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I had noticed that my chimney was in disrepair several years ago and had meant to repair it some perfect weekend. It all came to fruition Saturday, The weather was cooperating and my son and I had time to point the existing bricks. Plus my wife was out of town. As luck would have it , she returned just as the boys started the repair project. I suppose she is getting used to our daredevil antics and didn’t have me explain why I was risking our son’s life.
I was shocked when I touched the 4 bricks on the Southwest corner and they just fell out in my hands. Undaunted we prepared some mortar and scraped out the remaining flaky mortar.
We added a cup of acrylic adhesive and wet the bricks down. We then placed the Type S mortar which is a 2-1-9 mix Cement / Lime / Sand. Probably not the perfect mix for this purpose but that is what the store had. I placed it in a piping bag designed for this purpose and squeezed the mortar between the bricks.
I relayed the stretchers and pointed the rest. Each one was cleaned then I rinsed the chimney and packed and pointed till it looked like new again. The acrylic bonding agent should really help things stick together for years to come.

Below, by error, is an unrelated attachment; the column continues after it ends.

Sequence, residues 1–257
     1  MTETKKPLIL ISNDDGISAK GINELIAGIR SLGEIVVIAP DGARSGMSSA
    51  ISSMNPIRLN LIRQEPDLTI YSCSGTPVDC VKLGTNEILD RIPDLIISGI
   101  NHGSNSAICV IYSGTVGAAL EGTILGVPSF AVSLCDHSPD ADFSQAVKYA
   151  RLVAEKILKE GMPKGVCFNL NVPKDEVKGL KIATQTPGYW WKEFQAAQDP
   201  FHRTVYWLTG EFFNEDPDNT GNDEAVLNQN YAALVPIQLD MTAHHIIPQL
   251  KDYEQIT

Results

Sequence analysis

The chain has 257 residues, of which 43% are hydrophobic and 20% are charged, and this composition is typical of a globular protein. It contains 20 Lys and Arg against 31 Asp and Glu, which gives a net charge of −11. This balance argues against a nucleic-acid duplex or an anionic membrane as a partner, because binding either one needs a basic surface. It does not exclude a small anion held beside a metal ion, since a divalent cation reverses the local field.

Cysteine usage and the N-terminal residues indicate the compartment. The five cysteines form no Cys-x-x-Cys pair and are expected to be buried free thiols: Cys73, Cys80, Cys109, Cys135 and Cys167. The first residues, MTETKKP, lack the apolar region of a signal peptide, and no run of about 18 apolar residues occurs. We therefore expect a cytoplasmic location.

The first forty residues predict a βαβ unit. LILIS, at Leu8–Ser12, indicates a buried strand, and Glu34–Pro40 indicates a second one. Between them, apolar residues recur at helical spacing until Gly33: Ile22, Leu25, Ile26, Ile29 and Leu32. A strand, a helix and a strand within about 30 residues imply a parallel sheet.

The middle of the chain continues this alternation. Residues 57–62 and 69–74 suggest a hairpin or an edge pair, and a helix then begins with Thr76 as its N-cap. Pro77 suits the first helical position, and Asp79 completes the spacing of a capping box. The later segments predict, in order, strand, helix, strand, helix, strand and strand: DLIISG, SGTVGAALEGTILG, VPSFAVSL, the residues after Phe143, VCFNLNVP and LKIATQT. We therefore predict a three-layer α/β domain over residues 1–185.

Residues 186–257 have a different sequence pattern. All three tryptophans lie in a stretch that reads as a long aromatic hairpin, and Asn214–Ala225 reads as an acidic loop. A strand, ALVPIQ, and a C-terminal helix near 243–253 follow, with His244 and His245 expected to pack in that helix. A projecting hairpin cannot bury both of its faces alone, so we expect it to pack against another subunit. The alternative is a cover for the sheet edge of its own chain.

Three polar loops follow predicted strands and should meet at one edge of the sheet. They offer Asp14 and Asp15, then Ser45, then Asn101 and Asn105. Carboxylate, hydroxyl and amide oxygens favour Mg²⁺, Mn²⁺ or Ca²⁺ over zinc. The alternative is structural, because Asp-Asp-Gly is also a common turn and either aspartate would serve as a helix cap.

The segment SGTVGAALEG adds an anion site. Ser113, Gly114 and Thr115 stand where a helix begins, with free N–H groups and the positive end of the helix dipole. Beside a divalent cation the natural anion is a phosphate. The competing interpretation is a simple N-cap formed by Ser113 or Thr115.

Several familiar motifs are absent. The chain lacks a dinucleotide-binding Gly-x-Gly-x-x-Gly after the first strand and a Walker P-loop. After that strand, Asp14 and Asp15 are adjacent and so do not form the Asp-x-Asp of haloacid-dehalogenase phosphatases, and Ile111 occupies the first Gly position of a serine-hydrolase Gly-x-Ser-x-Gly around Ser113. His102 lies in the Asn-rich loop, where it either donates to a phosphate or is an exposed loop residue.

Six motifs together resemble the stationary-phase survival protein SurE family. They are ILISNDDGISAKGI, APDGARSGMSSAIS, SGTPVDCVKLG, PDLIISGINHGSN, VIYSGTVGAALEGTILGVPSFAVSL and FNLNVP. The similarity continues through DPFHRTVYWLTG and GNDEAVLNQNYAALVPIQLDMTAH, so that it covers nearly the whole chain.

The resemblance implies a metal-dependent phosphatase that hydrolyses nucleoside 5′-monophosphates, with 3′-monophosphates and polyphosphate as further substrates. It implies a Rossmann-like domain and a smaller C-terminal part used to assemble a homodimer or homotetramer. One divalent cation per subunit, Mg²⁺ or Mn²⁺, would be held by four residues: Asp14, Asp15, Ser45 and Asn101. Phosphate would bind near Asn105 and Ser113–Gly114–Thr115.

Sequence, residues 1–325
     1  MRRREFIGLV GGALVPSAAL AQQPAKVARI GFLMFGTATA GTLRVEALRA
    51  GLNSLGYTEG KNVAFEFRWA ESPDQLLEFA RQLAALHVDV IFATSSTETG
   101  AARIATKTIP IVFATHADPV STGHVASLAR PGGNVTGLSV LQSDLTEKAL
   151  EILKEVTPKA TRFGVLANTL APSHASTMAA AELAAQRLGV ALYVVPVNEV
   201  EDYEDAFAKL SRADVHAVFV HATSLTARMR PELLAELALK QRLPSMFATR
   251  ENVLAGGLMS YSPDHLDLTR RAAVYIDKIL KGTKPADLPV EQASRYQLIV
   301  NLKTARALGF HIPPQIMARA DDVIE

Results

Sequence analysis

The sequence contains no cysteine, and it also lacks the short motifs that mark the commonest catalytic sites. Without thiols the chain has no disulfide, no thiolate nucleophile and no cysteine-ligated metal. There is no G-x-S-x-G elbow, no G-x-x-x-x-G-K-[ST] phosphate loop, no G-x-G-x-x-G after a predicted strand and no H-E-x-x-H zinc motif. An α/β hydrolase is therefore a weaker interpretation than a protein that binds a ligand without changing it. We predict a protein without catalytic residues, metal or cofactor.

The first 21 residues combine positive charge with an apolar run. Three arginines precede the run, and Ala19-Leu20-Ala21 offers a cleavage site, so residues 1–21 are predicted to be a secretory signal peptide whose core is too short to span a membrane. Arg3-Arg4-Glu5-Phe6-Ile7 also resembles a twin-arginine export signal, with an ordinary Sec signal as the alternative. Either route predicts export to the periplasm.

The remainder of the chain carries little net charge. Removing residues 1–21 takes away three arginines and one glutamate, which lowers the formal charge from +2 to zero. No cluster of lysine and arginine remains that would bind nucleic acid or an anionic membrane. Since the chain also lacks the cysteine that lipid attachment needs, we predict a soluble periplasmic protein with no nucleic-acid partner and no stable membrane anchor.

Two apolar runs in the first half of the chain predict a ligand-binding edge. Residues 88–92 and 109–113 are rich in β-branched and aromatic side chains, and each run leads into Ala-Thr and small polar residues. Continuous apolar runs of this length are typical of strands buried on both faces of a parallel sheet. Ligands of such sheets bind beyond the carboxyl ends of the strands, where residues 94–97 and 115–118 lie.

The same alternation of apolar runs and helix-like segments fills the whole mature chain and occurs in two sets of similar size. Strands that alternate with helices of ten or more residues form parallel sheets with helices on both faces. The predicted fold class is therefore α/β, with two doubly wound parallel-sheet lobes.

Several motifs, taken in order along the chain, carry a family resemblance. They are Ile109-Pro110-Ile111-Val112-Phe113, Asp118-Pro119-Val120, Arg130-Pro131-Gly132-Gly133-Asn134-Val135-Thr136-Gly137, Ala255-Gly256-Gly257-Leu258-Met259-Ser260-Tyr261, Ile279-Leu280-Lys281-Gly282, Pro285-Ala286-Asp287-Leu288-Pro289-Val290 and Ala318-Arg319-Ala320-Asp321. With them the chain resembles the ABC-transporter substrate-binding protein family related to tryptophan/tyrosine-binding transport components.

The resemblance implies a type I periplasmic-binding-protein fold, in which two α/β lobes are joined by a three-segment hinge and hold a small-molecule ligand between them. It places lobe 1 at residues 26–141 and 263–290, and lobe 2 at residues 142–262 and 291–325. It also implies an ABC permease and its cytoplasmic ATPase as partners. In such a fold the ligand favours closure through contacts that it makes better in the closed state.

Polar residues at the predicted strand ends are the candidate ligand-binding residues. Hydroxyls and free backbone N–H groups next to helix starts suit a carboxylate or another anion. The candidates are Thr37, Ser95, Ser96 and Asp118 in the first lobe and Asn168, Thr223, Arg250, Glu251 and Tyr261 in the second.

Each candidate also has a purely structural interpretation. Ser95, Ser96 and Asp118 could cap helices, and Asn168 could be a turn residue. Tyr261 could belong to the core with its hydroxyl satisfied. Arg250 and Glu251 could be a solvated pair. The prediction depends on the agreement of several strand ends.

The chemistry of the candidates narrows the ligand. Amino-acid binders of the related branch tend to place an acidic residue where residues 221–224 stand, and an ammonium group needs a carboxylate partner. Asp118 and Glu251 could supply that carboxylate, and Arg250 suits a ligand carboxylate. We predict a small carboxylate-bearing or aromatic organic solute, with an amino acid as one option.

Once everything was looking back to normal we washed it down with a mild solution of Muriatic Acid and water to get the bricks cleaned up.
Chimneys deteriorate so slowly that they are hardly noticed. Once in the bay area an earthquake shook the neighborhood pretty good and one of the most significant issues was tumbling or cracked chimneys.
From the street this one looked OK. Once viewed from on top it was clear that a real hazard existed. In addition to deteriorated mortar the actual bricks turned to powder in the elements. Always check the flashing around the chimney for a proper seal, this is topic to discuss later but part of a proper chimney inspection that I recommend. I recently had one inspected that was hit by a fallen tree. Our local fireplace shop inspected it with special equipment to give me the confidence of third party verification.